Mendoza embarked for his government with fourteen ships and a train of 2500 followers. Soon after his arrival in the La Plata, in 1535, he founded the city of Buenos Ayres. Juan de Ayolas was despatched, at the same time, to select a favourable position for a settlement higher up the river. He ascended the Paraguay above a thousand miles, till he reached nearly the twenty-first degree of latitude ; then, leaving Domingo Martinez de Yrala to command the vessels, with orders to wait six months for his return, he struck off to the west with about two hundred Spaniards, in the hopes of being able to penetrate to Peru. In this he succeeded : crossing the countries of the Chacas and Chiquitas, he arrived on the borders of Peru in 1537, and having received some supplies from the governor of the province, returned to the Paraguay; but the six months had already elapsed, and Yrala was gone. Ayolas, thus left to shift for himself, became embroiled with the Indian nations; and, being surprised .by the Mbayas, was massacred with all his companions. Twelve years later Yrala made a second attempt to accomplish the same arduous undertaking. Ascending the Paraguay to the seventeenth degree of latitude, he crossed the mountains to the river Guapay, and, after enduring incredible fatigues, succeeded in establishing a commu. nication between Peru and its dependency the govern, ment of La Plata.
A variety of circumstances concurred to direct the principal afflux of Spanish adventurers to the continent of South America. But few tried their fortune by pushing towards the north, and the sufferings of these deterred others from following in their footsteps. Narvaez, the officer sent by Velasquez to dispossess Cortez of his authority in New Spain, and who was taken prisoner by that bold leader as above related *, was desirous to efface by some signal exploit the memory of his defeat on that occasion. He had interest to obtain the title of adelantado, and a commission to conquer and to rule the extensive territories extending from Cape das Palmas to Cape Florida ; and having raised a force of about six hundred men, set sail from St. Lucar, in June, 1527. The treasurer to the armament was Alvaro Nunez, surnamed Cabeza de Vaca, whose singular personal adventures form the most interesting portion of the account which he afterwards wrote of the expedition. While waiting to take in supplies at Cuba, Narvaez and his companions experienced the fury of a hurricane such as is rarely felt in any other region of the globe. The houses were blown down; and when the affrighted inhabitants fled to the woods for shelter, their terror was increased at the sight of the largest trees torn up by the roots, and scattered in every direction by the violence of the winds. The fleet suffered so much from this storm, that it was found necessary to desist from any further operations during the winter.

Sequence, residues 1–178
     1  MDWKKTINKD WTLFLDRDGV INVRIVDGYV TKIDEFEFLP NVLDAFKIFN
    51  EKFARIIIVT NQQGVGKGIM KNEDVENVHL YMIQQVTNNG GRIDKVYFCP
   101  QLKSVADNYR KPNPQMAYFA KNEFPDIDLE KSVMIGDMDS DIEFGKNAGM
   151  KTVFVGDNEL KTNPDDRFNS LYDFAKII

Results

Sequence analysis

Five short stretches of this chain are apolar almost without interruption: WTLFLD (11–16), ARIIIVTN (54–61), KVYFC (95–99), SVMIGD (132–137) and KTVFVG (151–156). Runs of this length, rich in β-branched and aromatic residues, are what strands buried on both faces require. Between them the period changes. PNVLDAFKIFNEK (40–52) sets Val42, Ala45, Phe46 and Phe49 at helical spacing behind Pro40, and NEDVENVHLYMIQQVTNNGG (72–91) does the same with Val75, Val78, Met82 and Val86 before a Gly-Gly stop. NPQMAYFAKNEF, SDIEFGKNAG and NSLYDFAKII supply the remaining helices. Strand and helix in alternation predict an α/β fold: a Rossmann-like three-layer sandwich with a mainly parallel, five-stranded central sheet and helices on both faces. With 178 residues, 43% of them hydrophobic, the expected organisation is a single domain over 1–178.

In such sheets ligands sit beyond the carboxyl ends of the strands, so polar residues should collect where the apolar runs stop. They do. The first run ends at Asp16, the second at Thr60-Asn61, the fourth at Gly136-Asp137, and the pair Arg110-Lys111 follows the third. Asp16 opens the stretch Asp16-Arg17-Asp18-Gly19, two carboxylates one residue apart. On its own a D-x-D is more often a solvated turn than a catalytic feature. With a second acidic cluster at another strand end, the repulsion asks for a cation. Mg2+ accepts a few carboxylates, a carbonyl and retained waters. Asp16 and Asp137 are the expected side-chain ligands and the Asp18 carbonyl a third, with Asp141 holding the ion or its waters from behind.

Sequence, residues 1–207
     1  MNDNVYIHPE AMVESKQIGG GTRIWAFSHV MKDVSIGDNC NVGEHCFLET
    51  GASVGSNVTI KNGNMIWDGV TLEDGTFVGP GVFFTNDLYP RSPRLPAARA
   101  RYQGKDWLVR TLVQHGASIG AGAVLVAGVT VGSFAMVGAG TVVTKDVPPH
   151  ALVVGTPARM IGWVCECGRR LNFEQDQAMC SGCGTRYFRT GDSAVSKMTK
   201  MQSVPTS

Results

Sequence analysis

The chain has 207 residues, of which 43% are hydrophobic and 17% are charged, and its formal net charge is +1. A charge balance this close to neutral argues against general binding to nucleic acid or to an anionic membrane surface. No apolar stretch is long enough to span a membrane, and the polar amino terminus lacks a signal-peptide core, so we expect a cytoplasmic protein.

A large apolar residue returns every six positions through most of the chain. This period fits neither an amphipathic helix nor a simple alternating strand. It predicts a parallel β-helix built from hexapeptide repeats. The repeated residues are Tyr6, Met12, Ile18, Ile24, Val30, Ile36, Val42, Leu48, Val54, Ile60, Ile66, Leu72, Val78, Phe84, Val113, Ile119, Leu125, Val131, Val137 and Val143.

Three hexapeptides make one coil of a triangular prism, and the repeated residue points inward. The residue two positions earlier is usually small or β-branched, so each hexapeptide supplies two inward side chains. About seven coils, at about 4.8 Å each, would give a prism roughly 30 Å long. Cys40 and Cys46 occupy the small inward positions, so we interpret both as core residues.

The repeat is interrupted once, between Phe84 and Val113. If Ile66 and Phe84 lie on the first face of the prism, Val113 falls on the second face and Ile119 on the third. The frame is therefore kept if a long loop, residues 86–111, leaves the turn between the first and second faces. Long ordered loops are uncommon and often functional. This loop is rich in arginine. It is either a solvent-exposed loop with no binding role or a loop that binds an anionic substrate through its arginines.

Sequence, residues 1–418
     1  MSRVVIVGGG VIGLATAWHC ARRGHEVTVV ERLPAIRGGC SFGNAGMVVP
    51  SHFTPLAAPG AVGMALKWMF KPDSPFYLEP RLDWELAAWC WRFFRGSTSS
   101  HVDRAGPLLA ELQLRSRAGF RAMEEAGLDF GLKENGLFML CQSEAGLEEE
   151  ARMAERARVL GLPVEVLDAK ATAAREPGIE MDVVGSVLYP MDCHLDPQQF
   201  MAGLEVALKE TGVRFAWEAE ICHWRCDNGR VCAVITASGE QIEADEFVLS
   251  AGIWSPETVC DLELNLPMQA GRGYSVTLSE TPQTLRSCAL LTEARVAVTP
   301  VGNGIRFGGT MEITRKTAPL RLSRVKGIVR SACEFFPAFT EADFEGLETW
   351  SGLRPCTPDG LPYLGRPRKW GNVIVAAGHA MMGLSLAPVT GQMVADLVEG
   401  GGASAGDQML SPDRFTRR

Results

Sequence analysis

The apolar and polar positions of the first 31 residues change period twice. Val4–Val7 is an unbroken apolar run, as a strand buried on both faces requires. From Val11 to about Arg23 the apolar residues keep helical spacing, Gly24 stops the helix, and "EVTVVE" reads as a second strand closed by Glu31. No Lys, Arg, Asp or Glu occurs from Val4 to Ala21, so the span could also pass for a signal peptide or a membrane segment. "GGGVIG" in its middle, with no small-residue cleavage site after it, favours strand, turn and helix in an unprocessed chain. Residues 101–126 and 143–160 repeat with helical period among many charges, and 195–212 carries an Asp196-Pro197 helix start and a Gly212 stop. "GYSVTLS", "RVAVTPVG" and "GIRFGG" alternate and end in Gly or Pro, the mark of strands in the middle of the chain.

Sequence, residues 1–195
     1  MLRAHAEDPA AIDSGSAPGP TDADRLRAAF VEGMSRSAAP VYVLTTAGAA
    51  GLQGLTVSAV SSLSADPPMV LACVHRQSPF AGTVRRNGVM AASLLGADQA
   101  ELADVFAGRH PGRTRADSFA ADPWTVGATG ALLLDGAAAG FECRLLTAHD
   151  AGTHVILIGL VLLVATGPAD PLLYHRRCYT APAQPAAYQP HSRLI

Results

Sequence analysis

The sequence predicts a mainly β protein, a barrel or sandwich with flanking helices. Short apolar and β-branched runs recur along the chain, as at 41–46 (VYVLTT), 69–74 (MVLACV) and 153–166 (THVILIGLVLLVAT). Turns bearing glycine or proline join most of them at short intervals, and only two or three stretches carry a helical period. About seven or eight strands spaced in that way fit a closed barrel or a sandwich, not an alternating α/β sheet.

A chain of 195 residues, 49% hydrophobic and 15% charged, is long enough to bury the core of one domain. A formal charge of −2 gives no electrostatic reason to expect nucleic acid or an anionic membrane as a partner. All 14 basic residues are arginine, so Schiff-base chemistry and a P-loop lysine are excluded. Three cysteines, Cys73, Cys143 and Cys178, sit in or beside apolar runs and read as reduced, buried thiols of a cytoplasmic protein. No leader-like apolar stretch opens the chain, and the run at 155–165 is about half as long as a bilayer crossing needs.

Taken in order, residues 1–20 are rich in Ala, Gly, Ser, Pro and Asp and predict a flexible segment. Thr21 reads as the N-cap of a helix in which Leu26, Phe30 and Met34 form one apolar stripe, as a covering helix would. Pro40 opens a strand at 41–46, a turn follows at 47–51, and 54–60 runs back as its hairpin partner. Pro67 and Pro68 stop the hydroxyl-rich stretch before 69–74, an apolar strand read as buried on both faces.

In February, 1528, the armament put to sea, and, after encountering much rough weather, reached the coast of Florida. The country was taken possession of with the usual solemnities; but nothing was found here to gratify the cupidity of the Spaniards. When the natives were questioned respecting some golden ornaments seen with them, they all pointed to Apalachen, a country situated at a distance in the interior, as the quarter whence these and other commodities were derived. Narvaez, who had no positive knowledge of the country or the adjoining seas, was disposed to yield himself up to the guidance of hope and imagination; and being at a loss what
* See page 58.
course he ought in prudence to take, resolved to press forward into the interior and invade Apalachen. The intelligent Alvaro strongly urged the danger of commencing an arduous journey without guides or provisions, and before some secure haven had been found for the fleet. But the insinuation that he slunk from difficulties silenced his remonstrances, and made him declare his determination to follow his countrymen into every extremity.
On the 1st of May, 1528, the Spaniards commenced their march into the interior. They had little more than a single day's provision; when that slender stock was consumed, they were obliged to satisfy their hunger with roots and the fruit of the wild palm tree. For fif. teen days they travelled without meeting with a human habitation. At the end of that time they arrived at an Indian village, where they found guides to conduct them to Apalachen. The country which they had to traverse was wild and unequal ; sometimes mountainous, but more frequently overspread with deep marshes, rendered nearly impassable by the huge trees blown down and lying across them in every direction. At length, on the 26th of June, the wearied Spaniards arrived in sight of an Indian village, which they were told was Apalachen. They found no difficulty in rendering themselves masters of the place. But they had not remained here many days, when they perceived on what a chimerical foundation all their plans were reared. In Apalachen they found nothing. The exasperated Indians lurked in the woods, and watched all their movements : to advance was useless, if not impossible, from the difficulty of the country ; and retreat was exposed to the worst ills of Indian warfare. But retreat was now necessary; and the Spaniards, relinquishing the fancied wealth of Apalachen, directed their march towards the sea-coast in the country of Ante, at present called the bay of St. Mark. Unspeakable hardships awaited them. Nearly a third of their number perished by the arrows of the Indians; and of the remainder a large proportion laboured under disease, brought on by fatigue and privation.